Hydrocephalus is a build-up of fluid in the brain. The brain and spinal cord are surrounded by cerebrospinal fluid (CSF) which acts as a shock absorber, protecting the brain and spinal cord, as well as removing waste products from the brain and supplying nutrients to the brain. CSF is produced in fluid-filled cavities in the brain called ventricles. The CSF then flows out of the ventricles via small holes at the back of the brain. CSF is in a constant cycle of production, circulation and reabsorption. Usually, the production, circulation and reabsorption of fluid are balanced so that there is a constant amount of fluid around the brain and spinal cord. Anything that disrupts this balance can cause a build-up of CSF in the brain. This usually causes increased pressure which disrupts brain function and is known as hydrocephalus.

Hydrocephalus generally occurs if any one of the follows happens:

  • too much CSF is produced (rare);
  • the circulation of CSF is blocked (most common);
  • not enough CSF is reabsorbed.

Hydrocephalus can affect all ages. The most common causes vary with age: developmental disorders, infection and bleeding in neonates; tumours in children and adolescents; bleeding and tumours in adults; and a condition called normal pressure hydrocephalus in the elderly.


Symptoms of hydrocephalus can vary depending on age and how the condition has developed. The pressure on the brain from hydrocephalus can cause a wide range of symptoms, including:

  • headaches;
  • nausea and vomiting;
  • blurred vision and visual loss;
  • urinary incontinence;
  • drowsiness and confusion;
  • unsteadiness.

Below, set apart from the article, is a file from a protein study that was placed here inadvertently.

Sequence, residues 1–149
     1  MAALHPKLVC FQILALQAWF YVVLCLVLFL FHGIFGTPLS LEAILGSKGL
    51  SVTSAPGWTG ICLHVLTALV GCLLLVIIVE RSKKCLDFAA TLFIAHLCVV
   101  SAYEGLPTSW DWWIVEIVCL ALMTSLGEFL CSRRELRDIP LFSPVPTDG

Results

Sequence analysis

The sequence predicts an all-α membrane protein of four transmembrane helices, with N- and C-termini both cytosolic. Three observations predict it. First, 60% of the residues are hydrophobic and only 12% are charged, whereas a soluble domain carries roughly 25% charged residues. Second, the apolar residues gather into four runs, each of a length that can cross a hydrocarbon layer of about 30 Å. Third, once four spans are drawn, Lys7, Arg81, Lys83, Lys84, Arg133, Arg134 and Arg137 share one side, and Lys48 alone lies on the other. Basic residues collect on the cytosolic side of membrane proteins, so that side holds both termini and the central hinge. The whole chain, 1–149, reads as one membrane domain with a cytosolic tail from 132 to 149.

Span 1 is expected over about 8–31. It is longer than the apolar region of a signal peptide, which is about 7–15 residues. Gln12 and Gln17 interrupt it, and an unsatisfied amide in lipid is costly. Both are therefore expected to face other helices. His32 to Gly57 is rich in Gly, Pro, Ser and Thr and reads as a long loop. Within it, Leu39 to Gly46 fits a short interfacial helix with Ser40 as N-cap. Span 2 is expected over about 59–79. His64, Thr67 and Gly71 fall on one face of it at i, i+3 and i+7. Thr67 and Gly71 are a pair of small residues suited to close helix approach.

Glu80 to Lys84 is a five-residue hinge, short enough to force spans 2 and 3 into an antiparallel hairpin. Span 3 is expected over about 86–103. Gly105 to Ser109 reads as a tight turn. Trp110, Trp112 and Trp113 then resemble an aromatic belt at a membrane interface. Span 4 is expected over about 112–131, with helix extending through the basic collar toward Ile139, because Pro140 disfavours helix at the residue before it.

The diagnosis of hydrocephalus is confirmed by using brain imaging techniques such as CT and MRI scans. Other tests may be performed in adults in order to diagnose the condition which may include lumbar puncture, continuous lumbar CSF drainage, intracranial pressure (ICP) monitoring, measurement of cerebrospinal fluid outflow resistance, or isotopic cisternography.


Treatment for hydrocephalus is almost always surgical. In general, the aim is to increase the drainage of CSF from the ventricles inside brain. This reduces the pressure on the brain caused by the build-up of CSF. Surgical options include temporary external drainage (external ventricular drainage), permanent internal drainage (shunt or ventriculostomy) and / or removal of the underlying cause, e.g., if secondary to a tumour.

A shunt is soft, flexible tubing which diverts fluid from the brain to another area of the body, typically the abdomen. Most commonly, shunt tubing is inserted into one of the ventricles of the brain, attached to a valve (under the skin behind the ear) which drains via further tubing into the abdomen. This is known as a ventriculoperitoneal or VP shunt. When the fluid pressure in the brain increases, the valve opens and the fluid drains into the abdomen where it is absorbed, leaving the brain at normal pressure.

Endoscopic third ventriculostomy allows CSF to be rerouted without the need for a shunt. During this procedure, a new hole is made in the ventricle at the base of the brain. This allows CSF to flow out of the brain bypassing the obstruction which is causing hydrocephalus.